Cornwall is the southwesternmost county of England. As with other ‘extremities’ of the British Isles, it was one of the refuges of the original (partially romanized) Celtic inhabitants, fleeing before the invading Anglo-Saxons. Actually, when it was independent (during a period in the early Middle Ages known as the Heptarchy, when England was divided into 7 kingdoms), the Kingdom of Cornwall was also known as West Wales.
The people of Cornwall had their own Celtic language, closely related to Welsh and Breton, called Kernewek. This language has gradually died out, but has recently been revived; at present, there are approximately 3.500 speakers of Cornish, 300-400 of whom speak it fluently. A few people under the age of 30 have been brought up speaking Cornish. They are all bilingual in English.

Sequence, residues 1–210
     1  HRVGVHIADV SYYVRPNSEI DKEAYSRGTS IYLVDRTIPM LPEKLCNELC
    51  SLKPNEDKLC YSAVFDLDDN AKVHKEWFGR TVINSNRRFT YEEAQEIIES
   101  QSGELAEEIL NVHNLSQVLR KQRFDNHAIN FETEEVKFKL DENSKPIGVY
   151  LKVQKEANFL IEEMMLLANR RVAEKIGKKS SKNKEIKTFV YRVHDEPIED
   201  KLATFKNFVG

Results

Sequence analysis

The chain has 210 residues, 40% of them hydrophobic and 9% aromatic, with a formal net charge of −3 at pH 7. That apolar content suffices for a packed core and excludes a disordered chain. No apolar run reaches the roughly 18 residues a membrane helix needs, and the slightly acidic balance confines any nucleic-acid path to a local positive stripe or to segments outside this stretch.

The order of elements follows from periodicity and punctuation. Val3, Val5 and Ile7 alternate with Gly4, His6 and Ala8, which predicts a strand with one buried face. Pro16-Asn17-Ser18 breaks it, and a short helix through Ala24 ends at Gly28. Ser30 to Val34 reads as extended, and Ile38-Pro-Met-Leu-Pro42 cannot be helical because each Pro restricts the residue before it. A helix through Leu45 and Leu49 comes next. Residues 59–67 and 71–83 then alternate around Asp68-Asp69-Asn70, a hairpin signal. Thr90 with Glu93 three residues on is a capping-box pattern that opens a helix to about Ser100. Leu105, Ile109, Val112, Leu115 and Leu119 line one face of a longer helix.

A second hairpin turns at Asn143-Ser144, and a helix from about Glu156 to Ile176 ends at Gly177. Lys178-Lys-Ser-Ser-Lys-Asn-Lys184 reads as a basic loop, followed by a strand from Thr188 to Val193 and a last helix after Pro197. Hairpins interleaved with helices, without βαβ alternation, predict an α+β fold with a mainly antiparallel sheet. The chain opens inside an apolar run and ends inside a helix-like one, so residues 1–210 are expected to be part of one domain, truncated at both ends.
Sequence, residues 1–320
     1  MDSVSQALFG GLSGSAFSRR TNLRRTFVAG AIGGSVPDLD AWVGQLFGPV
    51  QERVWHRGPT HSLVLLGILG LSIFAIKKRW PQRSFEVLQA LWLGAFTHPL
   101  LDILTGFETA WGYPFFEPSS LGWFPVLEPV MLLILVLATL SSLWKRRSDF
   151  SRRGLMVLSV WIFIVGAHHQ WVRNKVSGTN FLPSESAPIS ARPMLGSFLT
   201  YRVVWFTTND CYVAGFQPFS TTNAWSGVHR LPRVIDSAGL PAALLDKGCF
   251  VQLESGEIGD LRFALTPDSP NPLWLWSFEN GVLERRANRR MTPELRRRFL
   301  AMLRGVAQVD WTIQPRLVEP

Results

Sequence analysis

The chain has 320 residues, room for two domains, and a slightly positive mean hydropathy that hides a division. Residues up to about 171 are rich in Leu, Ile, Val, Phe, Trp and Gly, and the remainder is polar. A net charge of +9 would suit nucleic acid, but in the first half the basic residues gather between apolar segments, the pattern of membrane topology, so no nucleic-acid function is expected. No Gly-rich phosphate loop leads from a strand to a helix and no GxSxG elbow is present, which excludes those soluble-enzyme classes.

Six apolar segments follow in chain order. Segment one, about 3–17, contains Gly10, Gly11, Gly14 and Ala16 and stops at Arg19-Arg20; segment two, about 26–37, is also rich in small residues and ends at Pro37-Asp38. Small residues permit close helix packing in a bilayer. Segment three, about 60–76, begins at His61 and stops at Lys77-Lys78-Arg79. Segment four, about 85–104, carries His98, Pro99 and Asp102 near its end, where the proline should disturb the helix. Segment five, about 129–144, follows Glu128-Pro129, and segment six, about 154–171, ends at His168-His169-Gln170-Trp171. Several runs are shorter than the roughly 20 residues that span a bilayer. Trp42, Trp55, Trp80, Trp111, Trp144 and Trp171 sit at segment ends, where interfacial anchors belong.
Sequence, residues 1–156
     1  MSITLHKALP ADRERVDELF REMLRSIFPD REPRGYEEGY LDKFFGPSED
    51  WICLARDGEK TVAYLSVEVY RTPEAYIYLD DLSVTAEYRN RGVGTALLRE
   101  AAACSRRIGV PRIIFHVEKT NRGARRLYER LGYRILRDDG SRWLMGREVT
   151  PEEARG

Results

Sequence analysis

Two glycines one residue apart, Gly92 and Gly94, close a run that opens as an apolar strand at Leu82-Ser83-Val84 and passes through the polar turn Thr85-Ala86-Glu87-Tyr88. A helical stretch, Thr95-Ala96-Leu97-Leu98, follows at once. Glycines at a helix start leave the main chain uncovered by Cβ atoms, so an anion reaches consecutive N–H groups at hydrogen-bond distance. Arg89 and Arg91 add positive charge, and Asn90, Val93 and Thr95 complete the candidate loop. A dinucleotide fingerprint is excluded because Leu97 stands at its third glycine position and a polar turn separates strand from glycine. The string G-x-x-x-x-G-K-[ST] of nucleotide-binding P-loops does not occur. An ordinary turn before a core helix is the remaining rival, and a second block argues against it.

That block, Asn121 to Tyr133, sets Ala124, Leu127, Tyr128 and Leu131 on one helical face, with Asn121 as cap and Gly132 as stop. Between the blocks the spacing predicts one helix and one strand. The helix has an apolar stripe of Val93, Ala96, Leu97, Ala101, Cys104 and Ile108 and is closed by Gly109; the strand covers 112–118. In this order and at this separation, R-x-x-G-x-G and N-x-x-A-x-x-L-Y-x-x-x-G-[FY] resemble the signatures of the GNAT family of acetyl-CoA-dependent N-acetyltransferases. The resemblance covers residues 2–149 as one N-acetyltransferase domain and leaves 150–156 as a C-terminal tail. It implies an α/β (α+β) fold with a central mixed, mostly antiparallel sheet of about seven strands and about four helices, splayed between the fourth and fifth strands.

This map shows the gradual retreat of Cornish – quite literally so: the progression of English, from 1300 til 1750, eventually pushes Cornish into the sea.
Image by Joowwww [Public domain], via Wikimedia Commons (here).